In North Carolina, impaired driving in a commercial vehicle is governed by a separate statute from impaired driving in a non-commercial vehicle. While a blood alcohol content (BAC) of 0.08 will violate the driving while impaired statute for non-commercial vehicles, a commercial vehicle driver with a BAC of 0.04 will violate G.S. 20-138.2(a). That section provides that:
(a) Offense. – A person commits the offense of impaired driving in a commercial motor vehicle if he drives a commercial motor vehicle upon any highway, any street, or any public vehicular area within the State:
(1) While under the influence of an impairing substance; or
(2) After having consumed sufficient alcohol that he has, at any relevant time after the driving, an alcohol concentration of 0.04 or more. The results of a chemical analysis shall be deemed sufficient evidence to prove a person’s alcohol concentration; or
(3) With any amount of a Schedule I controlled substance, as listed in G.S. 90-89, or its metabolites in his blood or urine.
The punishment for G.S. 20-138.2 is governed by the same statute section that contains the punishment for non-commercial DWI – G.S. 20-179. G.S. 20-138.2(e) goes on to state that “This offense is not a lesser included offense of impaired driving under G.S. 20-138.1, and if a person is convicted under this section and of an offense involving impaired driving under G.S. 20-138.1 arising out of the same transaction, the aggregate punishment imposed by the Court may not exceed the maximum punishment applicable to the offense involving impaired driving under G.S. 20-138.1.”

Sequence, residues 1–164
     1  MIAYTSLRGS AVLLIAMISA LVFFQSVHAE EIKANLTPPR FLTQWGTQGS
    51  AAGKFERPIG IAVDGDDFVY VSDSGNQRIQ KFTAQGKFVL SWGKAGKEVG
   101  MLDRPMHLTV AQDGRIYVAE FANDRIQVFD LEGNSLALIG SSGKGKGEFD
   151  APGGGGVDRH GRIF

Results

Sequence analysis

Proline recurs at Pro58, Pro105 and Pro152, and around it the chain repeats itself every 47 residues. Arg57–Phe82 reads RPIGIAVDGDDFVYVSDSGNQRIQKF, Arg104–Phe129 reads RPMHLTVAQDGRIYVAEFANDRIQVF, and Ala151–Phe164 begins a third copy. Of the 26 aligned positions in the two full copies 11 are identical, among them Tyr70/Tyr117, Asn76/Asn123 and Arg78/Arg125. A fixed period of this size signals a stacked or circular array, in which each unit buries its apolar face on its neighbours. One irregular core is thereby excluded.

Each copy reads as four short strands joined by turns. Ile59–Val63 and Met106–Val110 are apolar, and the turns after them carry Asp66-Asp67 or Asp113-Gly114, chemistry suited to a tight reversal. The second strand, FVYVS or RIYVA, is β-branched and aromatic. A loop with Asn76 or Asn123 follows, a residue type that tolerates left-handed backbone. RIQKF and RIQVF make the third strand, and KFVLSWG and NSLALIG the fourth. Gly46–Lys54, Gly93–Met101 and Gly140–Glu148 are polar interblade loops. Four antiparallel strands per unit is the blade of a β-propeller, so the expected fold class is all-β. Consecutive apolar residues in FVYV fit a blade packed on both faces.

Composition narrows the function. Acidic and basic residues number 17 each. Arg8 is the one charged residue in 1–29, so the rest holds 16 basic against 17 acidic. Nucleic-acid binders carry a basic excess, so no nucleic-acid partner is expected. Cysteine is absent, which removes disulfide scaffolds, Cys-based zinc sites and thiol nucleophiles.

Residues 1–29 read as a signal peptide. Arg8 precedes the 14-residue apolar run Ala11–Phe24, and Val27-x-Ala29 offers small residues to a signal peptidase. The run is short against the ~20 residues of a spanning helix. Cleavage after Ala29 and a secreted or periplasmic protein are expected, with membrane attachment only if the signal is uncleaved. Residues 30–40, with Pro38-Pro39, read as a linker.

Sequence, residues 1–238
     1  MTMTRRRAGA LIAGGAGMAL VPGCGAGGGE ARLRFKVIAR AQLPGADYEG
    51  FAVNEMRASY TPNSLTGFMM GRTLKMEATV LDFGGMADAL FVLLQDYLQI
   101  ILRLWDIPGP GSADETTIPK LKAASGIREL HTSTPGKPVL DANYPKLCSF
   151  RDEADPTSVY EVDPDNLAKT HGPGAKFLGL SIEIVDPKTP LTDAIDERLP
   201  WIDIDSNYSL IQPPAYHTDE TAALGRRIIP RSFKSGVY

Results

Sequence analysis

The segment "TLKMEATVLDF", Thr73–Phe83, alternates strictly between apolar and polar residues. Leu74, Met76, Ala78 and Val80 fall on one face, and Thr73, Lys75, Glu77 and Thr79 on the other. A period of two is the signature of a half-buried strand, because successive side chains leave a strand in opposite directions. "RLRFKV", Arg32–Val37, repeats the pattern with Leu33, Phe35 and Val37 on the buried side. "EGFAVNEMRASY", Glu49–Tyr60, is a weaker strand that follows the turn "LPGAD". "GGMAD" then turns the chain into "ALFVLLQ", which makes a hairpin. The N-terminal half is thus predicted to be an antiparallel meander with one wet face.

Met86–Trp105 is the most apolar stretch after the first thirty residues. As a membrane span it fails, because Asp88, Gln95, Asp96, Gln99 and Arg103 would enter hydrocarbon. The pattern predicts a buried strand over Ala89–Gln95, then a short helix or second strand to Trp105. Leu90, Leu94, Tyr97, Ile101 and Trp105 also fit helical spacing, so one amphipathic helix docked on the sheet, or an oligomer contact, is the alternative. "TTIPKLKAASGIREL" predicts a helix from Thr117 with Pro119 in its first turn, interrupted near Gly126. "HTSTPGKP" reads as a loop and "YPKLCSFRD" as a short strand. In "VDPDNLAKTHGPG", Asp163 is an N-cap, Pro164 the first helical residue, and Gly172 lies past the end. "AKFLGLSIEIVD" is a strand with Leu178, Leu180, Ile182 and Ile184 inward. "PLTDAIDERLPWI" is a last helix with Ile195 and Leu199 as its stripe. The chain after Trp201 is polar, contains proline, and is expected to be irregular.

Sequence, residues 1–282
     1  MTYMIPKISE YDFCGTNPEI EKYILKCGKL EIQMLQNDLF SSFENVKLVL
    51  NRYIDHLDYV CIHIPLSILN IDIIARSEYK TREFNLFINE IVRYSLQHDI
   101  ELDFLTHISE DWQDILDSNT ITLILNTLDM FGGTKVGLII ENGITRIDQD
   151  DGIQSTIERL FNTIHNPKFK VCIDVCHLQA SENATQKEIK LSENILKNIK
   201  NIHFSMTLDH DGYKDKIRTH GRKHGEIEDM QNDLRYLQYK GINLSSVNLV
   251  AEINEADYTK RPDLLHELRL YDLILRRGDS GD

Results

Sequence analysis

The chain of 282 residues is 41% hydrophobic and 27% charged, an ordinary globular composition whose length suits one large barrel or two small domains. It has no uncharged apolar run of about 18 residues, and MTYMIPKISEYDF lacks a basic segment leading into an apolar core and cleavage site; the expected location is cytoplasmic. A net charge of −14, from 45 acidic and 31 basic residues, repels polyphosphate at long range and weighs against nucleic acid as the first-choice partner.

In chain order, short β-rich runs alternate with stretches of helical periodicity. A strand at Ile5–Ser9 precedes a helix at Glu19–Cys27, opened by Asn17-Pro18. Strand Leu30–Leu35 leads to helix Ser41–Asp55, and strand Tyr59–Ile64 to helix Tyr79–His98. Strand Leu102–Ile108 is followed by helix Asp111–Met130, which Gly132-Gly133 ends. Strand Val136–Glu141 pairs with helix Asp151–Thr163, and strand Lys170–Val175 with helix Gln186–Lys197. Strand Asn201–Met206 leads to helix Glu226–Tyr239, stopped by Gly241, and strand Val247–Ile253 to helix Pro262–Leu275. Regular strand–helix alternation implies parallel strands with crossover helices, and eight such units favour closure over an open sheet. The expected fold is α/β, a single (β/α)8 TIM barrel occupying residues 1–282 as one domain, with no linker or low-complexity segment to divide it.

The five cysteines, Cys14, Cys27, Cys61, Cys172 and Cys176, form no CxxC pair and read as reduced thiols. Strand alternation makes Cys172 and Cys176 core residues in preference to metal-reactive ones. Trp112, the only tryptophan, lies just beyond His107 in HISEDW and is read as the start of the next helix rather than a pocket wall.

Furthermore, a commercial driver is in violation of G.S. 20-138.2A(a) by driving his commercial vehicle while consuming alcohol or while alcohol remains in the driver’s body. That section provides that
(a) Offense. – A person commits the offense of operating a commercial motor vehicle after consuming alcohol if the person drives a commercial motor vehicle, as defined in G.S. 20-4.01(3d)a. and b., upon any highway, any street, or any public vehicular area within the State while consuming alcohol or while alcohol remains in the person’s body.
The punishment for a driver’s first violation of G.S. 20-138.2A “is a Class 3 misdemeanor and, notwithstanding G.S. 15A-1340.23, is punishable by a penalty of one hundred dollars ($100.00).” A subsequent violation of G.S. 20-138.2A (within a seven year period) “is a misdemeanor punishable under G.S. 20-179” and “ is a lesser included offense of impaired driving of a commercial vehicle under G.S. 20-138.2.”
So what is a “commercial vehicle”? G.S. 20-4.01(3d) defines a “commercial motor vehicle” as
Any of the following motor vehicles that are designed or used to transport passengers or property:
a. A Class A motor vehicle that has a combined GVWR of at least 26,001 pounds and includes as part of the combination a towed unit that has a GVWR of at least 10,001 pounds.
b. A Class B motor vehicle.
c. A Class C motor vehicle that meets either of the following descriptions:
1. Is designed to transport 16 or more passengers, including the driver.
2. Is transporting hazardous materials and is required to be placarded in accordance with 49 C.F.R. Part 172, Subpart F.
d. Repealed by Session Laws 1999, c. 330, s. 9, effective December 1, 1999.